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# Excellent!RealNeil 2010-11-17 06:36
Yeah,......
This is a good one guys. Something that I can link to and refer people to that have questions about CPU cooling solutions. While there is always gonna be someone who brings up questions about why wasn't my 'Blah-Blah Cooler' included, you have a good assortment here and tested them all fairly.

Thank You
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# RE: Excellent!mihai 2010-11-17 15:18
calm down...blah blah .....
in this review was used different hardware...so the results could be different.....anyway ...
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# RE: Best CPU Cooler Performance: Intel Q3-2010Holy_COW 2010-11-17 10:06
No Corsair A70?

Other reviews show it as a good HSF, but will be great to see it included on a comprehensive comparison as this one

:(
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# CoolIt is better than Corsair HydroOlin Coles 2010-11-17 10:46
Obviously you didn't read the last two paragraphs in the conclusion.
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# Not a Corsair HydroCPT. Obvious 2010-11-17 16:46
Obviously you didn't read his post because he asked about the A70 which is an air cooler.
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# RE: Not a Corsair HydroOlin Coles 2010-11-17 16:59
You're right! But if that's the case, the A70 is a direct clone of countless outher HDT coolers. Take your pick of HDT coolers with four heatpipes that can fit two fans. We didn't receive this item for review, which is why it wasn't included.
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# Corsair A70Phil 2010-11-19 19:35
I would also like to see it paired against other intel heatsinks, but I would also like to see one in the Amd review as the Corsair A70 is only $48 now and currently on newegg for $33 with rebate. I haven't seen any good reviews with an amd processor.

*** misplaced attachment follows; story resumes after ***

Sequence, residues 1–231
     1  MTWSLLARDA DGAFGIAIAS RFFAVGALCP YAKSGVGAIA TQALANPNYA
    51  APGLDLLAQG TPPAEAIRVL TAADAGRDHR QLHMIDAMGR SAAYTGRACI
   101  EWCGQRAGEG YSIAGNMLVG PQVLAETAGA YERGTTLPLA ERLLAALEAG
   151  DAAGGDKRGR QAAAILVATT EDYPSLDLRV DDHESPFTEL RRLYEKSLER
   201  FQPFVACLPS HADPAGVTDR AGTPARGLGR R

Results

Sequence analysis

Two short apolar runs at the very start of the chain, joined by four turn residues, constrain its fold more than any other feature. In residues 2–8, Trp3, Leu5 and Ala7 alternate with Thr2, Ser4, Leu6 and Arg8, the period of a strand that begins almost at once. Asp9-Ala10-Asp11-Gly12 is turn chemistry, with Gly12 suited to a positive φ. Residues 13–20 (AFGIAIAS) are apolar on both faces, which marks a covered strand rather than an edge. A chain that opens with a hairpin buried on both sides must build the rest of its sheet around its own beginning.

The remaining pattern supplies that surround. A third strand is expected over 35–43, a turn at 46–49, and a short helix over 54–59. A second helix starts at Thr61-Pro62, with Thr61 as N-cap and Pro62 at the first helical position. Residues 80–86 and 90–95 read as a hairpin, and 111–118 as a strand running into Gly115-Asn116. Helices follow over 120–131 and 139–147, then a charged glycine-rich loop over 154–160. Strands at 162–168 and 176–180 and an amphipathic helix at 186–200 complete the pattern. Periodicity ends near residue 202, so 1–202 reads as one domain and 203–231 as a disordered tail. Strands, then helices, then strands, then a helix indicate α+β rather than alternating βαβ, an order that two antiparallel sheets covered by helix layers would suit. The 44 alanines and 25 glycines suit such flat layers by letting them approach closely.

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# RE: Best CPU Cooler Performance: Intel Q3-2010PSM 2010-11-17 16:39
Congrats on this fine comparison review. This would be enough for decision making for new buyers, at least till SandyBridge based chips come out in 1stQ of next year. But Thermaltake Frio, which is one worthy cooler, should have been included. It also comes with possibly the best pair of default fans. Keep up the works.
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# RE: Best CPU Cooler Performance: Intel Q3-2010Athlonite 2010-11-17 21:24
hows about group test of a range of prebuilt water cooling solutions
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# RE: RE: Best CPU Cooler Performance: Intel Q3-2010Olin Coles 2010-11-17 21:31
We're already working on that, and should publish about a week after Thanksgiving.
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# Noise readings?Shane 2010-11-18 16:46
First off, thanks for the awesome guide. It's this and it's predecessors that got you guys in to my Bookmark Bar.

Are there any plans to record noise levels? Obviously (based on your review) using two Noctua fans is a silent or near silent solution, and strapping on that Yate Loon is a recipe for distracting the neighbors, but what about the stock fans? I'm willing to spend money on a decent solution (namely the SCMG-2100) but may not have the budget for two super fancy fans at ~$15 a pop. Plus, if spending $30 is only going to get me 2db less than the included Slipstream, it's just not worth it.
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# RE: Noise readings?Olin Coles 2010-11-18 17:15